Police clamp down on ill-gotten gains

IN just 12 months Suffolk's forces of law and order have clawed back nearly �600,000 from criminals under the Proceeds of Crime Act. Crime correspondent COLIN ADWENT reports on a new campaign urging the public to play their part in hitting villains in the pocket.

IN just 12 months Suffolk's forces of law and order have clawed back nearly �600,000 from criminals under the Proceeds of Crime Act. Crime correspondent COLIN ADWENT reports on a new campaign urging the public to play their part in hitting villains in the pocket.

LAW-abiding Suffolk residents are today being urged to step up their efforts to prevent criminals profiting from their crimes.

A major publicity campaign is trumpeting the successes law enforcement agencies have had so far in retrieving assets obtained illegally by villains.

The initiative, which is launched today, also encourages more people to come forward in the battle to ensure crime does not pay.


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Although the powers given to the justice system under the Proceeds of Crime Act (POCA) have been in place for several years, increasing amounts of money are being seized every year.

In Suffolk during the last financial year confiscation orders to the value of �589,201.53 were granted by Ipswich Crown Court as a result of criminal convictions.

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In addition �144,840.88 in cash was seized by Suffolk police using their civil powers under the law.

In April, May and June of this year criminals have been ordered to pay back a total of nearly �90,000 or face further jail time, in confiscation hearings.

Under POCA, police can strip criminals of any assets funded through crime. The legislation is designed to act as a deterrent to those thinking of breaking the law.

Locally, POCA is driven by Suffolk Criminal Justice Board, which brings together all the criminal justice agencies, including police specialist financial investigators, Crown Prosecution Service specialist lawyers and HM Court Services.

Detective Sergeant Andy Gould who heads up Suffolk Constabulary's financial investigation unit, said: “These results represent the culmination of hard work, patience and determination by the police officers, financial investigators and CPS lawyers involved in bringing these offenders to justice.

“The powers provided by the Proceeds of Crime Act enable us to demonstrate to the public that crime doesn't pay and I hope this sends out a clear message to those who engage in any type of criminal activity that we can and will seize their assets if they have been funded by crime.

“I want to remind members of the public that if they suspect anyone is benefiting from crime to call Crimestoppers anonymously and in the strictest confidence on 0800 555 111.”

Alternatively people can give information anonymously through the Crimestoppers website www.crimestoppers-uk.org

WHILE criminals leading lavish lives believe they can get away with their crimes, Suffolk residents can help stop them in their tracks.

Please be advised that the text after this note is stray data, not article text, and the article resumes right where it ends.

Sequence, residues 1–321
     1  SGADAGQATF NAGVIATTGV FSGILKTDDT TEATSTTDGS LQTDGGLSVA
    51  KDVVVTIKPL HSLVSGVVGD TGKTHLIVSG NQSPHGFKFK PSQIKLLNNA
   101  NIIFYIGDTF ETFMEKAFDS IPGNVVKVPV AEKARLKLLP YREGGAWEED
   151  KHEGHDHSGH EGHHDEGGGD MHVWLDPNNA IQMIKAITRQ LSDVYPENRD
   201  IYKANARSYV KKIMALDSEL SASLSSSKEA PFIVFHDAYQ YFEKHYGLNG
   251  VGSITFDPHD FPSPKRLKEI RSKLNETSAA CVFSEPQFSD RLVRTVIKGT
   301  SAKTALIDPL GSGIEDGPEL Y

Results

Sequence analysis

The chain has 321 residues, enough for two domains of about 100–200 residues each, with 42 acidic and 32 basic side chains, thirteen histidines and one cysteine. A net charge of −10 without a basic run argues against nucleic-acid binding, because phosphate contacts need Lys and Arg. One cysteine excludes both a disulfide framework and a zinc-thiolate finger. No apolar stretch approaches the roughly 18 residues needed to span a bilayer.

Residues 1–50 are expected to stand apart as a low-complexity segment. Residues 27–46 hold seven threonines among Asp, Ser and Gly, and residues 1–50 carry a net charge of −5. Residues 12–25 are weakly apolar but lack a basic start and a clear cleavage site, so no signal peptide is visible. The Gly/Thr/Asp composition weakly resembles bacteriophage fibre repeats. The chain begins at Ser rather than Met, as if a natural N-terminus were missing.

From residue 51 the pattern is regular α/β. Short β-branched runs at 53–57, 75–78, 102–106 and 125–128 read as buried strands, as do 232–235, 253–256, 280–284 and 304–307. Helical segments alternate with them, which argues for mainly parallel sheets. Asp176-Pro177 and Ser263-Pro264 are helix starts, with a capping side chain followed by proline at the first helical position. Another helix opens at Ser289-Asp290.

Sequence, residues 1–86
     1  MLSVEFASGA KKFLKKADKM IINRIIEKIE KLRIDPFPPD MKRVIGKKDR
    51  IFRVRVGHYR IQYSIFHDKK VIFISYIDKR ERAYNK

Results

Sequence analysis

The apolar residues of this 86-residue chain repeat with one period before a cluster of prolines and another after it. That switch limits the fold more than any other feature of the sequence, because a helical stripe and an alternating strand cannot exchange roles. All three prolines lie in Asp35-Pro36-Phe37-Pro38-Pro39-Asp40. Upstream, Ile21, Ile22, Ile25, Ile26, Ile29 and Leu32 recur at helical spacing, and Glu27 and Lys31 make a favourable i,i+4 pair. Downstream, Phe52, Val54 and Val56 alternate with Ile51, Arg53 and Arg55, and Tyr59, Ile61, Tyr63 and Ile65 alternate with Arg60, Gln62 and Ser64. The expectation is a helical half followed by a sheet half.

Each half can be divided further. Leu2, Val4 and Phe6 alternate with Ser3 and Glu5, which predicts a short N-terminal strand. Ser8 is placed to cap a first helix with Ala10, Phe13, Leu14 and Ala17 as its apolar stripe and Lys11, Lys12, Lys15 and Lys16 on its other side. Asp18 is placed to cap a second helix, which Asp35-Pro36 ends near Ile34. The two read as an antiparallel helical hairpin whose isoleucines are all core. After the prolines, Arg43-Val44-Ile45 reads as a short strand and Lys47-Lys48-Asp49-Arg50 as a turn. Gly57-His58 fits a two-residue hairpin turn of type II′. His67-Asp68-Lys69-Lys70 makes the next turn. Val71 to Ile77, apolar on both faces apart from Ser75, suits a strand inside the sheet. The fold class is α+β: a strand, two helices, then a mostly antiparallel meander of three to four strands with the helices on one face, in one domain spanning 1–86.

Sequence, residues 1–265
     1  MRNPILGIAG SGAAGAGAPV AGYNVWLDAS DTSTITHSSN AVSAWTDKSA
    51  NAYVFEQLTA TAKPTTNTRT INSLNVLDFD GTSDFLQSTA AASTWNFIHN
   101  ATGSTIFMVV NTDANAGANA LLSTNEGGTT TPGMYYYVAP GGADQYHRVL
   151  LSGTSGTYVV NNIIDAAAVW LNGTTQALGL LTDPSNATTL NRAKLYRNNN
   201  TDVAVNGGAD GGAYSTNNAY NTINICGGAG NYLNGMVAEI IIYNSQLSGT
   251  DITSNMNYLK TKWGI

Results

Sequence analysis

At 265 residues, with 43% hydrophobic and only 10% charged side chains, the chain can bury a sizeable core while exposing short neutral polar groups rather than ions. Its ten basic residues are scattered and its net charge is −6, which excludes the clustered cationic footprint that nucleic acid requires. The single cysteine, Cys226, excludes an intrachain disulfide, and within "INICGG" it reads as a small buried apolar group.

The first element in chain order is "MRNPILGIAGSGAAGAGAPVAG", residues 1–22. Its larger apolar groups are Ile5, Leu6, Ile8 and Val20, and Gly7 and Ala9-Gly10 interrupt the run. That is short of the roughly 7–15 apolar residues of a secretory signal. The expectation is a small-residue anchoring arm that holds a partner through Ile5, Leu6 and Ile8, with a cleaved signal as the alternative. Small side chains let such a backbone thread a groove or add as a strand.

The 'Make Criminals Pay' campaign encourages the public to call Crimestoppers anonymously to identify those they suspect are living a lavish lifestyle from the proceeds of crime.

The police and other agencies use of the Proceeds of Crime Act (POCA) as a weapon to strip criminals of assets.

Any cash or property funded through illegal activity is being targeted in an attempt to bankrupt their criminal enterprises.

The spotlight is firmly focussed on drug dealers, car thieves, rogue traders, those dealing in counterfeit goods, and burglars.

POCA ensures that often it falls to them to prove they obtained their wealth legitimately.

This is difficult to do if they are flaunting a nice home, top-of-the-range car, expensive jewellery and have thousands of pounds stashed away when their known income cannot support such wealth.

Detective Sergeant Andy Gould said: “Your calls will help put a stop to those negative role models blighting our communities, who think it's acceptable to live a lifestyle from the proceeds of crime. We'll show them it's not.

“POCA has a real sting in its tail. In some cases a criminal's cash can be taken from them, through the cash seizure powers afforded to the police by the POCA legislation, even if they are not convicted of a crime.

Suffolk Crimestoppers chairman Liz Harlaar added: “Crimestoppers is delighted to be supporting this worthwhile campaign.

“I would like to reassure members of the public, any calls to Crimestoppers are completely anonymous.

“You will not be asked for your name and you will not have to give a statement to the police.”

N In Suffolk during 2008/09, POCA Confiscation Orders to the value of �589,201.53 were granted.

N A total of �144,840.88 in cash was forfeited at South East Suffolk Magistrates Court, as a result of applications by police.

N Around �7million of assets belonging to suspected criminals is currently frozen in Suffolk.

N More than 40 court orders are in place

N Half the value of assets seized is divided between Suffolk police, the CPS and HM Court Service.

N From April to June 2009, a total of 18 POCA Confiscation Orders were made.

N Their total value comes to �88,799.62.

N Nationally �135.7million was recovered in 2007/08.

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